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Takashi Murakami: A Collector’s Guide

5 things you need to know about the “The Warhol of Japan,” Takashi Murakami.

Works featured on offer at West Chelsea Contemporary.

Takashi Murakami

World-renowned artist Takashi Murakami is known for his contemporary union of fine art and pop culture, with specific references to Japanese visual culture. His colorful anime and manga cartoon style is supported by a boldly graphic approach that often depicts repeated motifs and mutating characters across his paintings, sculptures, and films. Murakami’s works are a host of interacting themes and imagery that contain historical, contemporary, and cross-cultural influences to stimulate a playful visual discourse between fine and commercial art.

Read on below to discover five things every trendy collector should know about Takashi Murakami.

  1. Murakami studied Nihonga, traditional Japanese painting, at the Tokyo National University of Fine Arts and Music where he received his BFA, MFA, and PhD. Murakami attended the Tokyo National University of Fine Arts from 1986-1993. He studied traditional Japanese painting, Nihonga, which led him to infuse the aesthetics of traditional Japanese fine art into his contemporary postmodern style. Murakami’s interest in the arts began in his early childhood from his mother practicing needle point and design textiles. His teenage interest in Japanese animation led Murakami to study animation production. His unique expression would not have been possible if it weren’t for the valuable skills and knowledge Murakami gained through these studies.
Takashi Murakami in his studio alongside his dog, Pom.
  1. Murakami first received recognition as a sculptor during the early 1990s, exploring Otaku (the Japanese term for an obsession with anime and cartoons). Murakami had an early appreciation of both traditional Japanese culture and modern European art, however, Japanese animation had the most significant impact on him during his adolescent years. This explains why a major part of his works are dedicated to the Otaku audience, a subculture interested in apocalyptic and fetishistic imagery. In order to produce his Otaku-inspired sculptures, Murakami founded the Hiropon Factory in 1996. The Hiropon factory grew to become a fully professionalized art production studio and artist management organization known as Kaikai Kiki Co., Ltd.
Takashi Murakami, And then, and then and then and then and then (2006) on offer now at West Chelsea Contemporary
  1. He established the “superflat” aesthetic, a post-modern style influenced by Japanese manga and anime. Murakami curated his postmodern art style by drawing inspiration from Japanese culture, country and the contemporary art world. He believed it was important to represent his country and bring its unique culture to the mainstream art world, thus the style  “superflat” emerged. “Superflat” is the combination of commercial graphic design flatness and cartoon characters from Japanese comics with aesthetic considerations of Japanese fine art, such as the two-dimensionality one sees on old Japanese scrolls. Murakami states “My aesthetic sense was formed at a young age by what surrounded me: the narrow residential spaces of Japan and the mental escapes from those spaces that took the forms of manga and anime.”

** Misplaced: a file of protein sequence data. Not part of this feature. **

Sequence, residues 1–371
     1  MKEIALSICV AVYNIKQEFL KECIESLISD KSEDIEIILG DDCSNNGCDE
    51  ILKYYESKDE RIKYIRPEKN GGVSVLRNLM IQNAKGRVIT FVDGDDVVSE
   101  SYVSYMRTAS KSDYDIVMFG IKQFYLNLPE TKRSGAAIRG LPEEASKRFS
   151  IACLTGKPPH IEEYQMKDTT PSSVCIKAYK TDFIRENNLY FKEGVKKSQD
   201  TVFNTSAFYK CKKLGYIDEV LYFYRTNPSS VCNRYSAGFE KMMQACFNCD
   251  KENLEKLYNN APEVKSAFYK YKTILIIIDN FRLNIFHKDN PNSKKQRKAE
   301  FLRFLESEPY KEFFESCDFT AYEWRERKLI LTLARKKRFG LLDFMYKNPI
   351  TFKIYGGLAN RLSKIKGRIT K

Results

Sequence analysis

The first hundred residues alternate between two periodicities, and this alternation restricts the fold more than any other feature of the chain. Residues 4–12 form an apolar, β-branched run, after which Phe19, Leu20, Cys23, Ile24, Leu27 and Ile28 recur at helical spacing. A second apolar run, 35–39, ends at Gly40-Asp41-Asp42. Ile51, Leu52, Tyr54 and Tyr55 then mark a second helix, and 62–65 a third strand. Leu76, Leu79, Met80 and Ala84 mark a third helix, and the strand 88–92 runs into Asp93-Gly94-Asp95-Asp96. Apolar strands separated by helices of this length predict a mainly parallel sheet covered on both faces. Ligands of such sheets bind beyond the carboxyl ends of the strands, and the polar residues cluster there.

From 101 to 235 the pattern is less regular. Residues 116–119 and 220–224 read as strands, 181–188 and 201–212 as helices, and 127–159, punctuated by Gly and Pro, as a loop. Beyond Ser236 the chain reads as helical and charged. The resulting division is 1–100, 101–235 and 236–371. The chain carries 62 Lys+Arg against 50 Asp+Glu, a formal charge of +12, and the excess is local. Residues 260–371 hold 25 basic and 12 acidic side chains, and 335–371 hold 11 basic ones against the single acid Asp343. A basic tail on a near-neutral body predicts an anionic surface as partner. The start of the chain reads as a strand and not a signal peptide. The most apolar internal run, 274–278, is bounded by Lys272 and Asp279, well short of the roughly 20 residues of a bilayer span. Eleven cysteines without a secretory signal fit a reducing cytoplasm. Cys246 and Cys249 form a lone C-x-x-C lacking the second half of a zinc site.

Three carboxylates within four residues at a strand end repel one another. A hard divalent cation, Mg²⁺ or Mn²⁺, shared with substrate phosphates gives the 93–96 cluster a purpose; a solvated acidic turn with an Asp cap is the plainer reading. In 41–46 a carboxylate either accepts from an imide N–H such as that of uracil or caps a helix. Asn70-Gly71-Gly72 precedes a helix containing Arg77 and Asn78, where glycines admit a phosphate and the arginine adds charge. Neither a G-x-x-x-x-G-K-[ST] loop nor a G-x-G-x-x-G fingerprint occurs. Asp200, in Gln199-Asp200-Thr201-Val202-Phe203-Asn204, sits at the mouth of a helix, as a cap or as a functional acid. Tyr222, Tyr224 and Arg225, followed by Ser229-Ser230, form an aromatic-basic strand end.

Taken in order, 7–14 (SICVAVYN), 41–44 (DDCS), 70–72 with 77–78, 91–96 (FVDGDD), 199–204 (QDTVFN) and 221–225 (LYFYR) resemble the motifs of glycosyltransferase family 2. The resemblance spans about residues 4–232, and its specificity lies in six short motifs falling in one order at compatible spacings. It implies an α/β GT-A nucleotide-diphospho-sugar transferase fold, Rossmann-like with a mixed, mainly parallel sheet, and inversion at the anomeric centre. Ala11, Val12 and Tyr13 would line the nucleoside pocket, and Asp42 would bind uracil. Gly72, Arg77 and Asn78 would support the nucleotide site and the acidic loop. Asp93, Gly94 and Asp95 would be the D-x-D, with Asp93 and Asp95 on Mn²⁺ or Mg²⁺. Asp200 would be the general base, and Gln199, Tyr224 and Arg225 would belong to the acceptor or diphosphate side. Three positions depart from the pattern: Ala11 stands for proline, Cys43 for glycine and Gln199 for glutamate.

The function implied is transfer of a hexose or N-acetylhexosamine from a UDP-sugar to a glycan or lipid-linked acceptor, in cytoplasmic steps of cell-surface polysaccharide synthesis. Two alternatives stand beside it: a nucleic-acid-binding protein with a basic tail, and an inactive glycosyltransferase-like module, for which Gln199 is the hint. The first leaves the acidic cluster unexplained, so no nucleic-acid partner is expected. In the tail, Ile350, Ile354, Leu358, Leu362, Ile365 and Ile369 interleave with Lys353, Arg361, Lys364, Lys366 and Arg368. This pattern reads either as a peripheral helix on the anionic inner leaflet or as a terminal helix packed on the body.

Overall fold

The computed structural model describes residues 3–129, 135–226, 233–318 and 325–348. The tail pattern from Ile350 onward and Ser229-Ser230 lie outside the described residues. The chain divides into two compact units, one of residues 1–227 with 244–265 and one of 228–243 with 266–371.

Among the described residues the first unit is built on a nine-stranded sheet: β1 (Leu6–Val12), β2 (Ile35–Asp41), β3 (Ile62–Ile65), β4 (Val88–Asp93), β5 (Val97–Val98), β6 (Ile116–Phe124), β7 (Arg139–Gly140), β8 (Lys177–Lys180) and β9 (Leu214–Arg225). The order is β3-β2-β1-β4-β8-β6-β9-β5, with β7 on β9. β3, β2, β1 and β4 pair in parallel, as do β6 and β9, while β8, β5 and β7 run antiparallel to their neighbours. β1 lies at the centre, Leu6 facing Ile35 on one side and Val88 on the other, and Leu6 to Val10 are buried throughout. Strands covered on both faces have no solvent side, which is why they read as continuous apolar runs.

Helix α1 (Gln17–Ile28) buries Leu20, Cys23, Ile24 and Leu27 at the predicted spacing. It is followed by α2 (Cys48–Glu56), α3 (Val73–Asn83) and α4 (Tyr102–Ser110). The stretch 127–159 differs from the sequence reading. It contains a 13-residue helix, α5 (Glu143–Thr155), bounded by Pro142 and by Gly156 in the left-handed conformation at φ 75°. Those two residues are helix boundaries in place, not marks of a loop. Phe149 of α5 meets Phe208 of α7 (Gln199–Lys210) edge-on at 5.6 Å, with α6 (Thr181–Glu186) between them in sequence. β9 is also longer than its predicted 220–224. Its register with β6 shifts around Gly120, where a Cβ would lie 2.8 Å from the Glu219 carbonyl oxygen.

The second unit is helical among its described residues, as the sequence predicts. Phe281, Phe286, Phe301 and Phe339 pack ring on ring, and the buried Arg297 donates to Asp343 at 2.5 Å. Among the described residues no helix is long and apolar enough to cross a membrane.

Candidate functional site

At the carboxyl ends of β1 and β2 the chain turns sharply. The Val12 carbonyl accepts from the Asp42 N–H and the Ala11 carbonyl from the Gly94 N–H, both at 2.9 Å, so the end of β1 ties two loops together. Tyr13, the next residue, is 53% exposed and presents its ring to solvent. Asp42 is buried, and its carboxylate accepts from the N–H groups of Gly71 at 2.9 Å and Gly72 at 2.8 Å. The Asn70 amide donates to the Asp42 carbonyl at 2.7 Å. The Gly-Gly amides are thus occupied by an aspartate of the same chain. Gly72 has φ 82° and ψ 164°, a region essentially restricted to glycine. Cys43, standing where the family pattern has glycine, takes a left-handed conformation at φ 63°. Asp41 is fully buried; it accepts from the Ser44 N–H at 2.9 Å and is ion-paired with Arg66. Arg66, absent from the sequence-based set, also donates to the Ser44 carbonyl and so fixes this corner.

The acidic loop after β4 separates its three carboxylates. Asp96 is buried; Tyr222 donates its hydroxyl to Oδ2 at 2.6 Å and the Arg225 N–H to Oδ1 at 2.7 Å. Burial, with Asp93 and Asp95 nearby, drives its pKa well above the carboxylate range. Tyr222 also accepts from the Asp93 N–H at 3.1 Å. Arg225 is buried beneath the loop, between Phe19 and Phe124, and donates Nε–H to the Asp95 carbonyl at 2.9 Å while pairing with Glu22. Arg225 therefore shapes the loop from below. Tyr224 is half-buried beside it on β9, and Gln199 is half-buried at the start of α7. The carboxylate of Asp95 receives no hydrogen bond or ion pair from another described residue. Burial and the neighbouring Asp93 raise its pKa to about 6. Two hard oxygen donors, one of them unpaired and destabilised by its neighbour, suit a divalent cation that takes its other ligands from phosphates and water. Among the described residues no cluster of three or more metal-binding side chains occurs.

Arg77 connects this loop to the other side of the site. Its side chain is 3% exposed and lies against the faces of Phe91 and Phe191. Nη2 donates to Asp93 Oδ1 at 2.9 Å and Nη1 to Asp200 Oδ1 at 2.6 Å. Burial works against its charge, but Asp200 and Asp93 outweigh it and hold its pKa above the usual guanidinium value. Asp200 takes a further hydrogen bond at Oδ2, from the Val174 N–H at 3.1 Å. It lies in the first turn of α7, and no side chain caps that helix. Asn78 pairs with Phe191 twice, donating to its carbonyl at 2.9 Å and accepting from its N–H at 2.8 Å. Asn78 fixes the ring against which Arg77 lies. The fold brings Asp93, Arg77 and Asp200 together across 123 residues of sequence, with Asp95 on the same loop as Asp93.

Takashi Murakami, Jellyfish Eyes- White 5 (2006) on offer at West Chelsea Contemporary
  1. Turning artistry into industry, the artist has created an empire from self-branding through his art. Murakami has embraced commerce through the founding of Kaikai Kiki Co., Ltd., an artist management agency and studio based in both New York and Munich. His support of the commercial side of art reached its peak in 2003, when the artist began collaborating with Marc Jacobs in the redesign of the Louis Vuitton logo and handbags. Murakami’ artistic merchandise has merged the worlds of fine art, popular culture, and consumerism.
Takashi Murakami Skateboard Deck, Complex con Dobtopus (2017), on offer at West Chelsea Contemporary
  1. Beyond working with commercial brands, Murakami’s expansive career also includes collaborations with famous musicians. In 2007, Murakami provided the cover artwork for rapper Kanye West’s album Graduation. He continued to work with West when designing his new album cover for Kids See Ghosts in 2018. Murakami collaborated with Billie Eilish in production of her music video for you should see me in a crown. The animated video features an anime Eilish and many familiar characters from the artist’s body of work, including his signature smiling flowers. Murakami has also joined forces with Pharrell Williams for their sculpture, The Simple Things, in 2008.
Takashi Murakami, Blackbeard (2003) on offer at West Chelsea Contemporary

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What’s on now at WCC:

West Chelsea Contemporary’s nearly 8,000 square-foot gallery offers the opportunity to highlight work on a monumental scale. From 16-foot originals by RETNA and Cey Adams to colossal sculptural work—including a larger than life mixed media shark and painted aluminum spaceman—the gallery is activated by art world giant’s not only in a metaphorical sense. 

By contemplating ground-breaking movements from the past six decades, Icons & Vandals allows viewers to rediscover and redefine the art world’s most iconic and contentious house-hold names. These artists have left their mark on the development and progression of contemporary art by subverting the norms of their own time.  Through this show it becomes clear that these two labels are not mutually exclusive but in fact ingrained in their interconnectedness. 

Works from ICONS & VANDALS will be on display and for sale at West Chelsea Contemporary in beginning May 15.

Reach out today to inquire or acquire.



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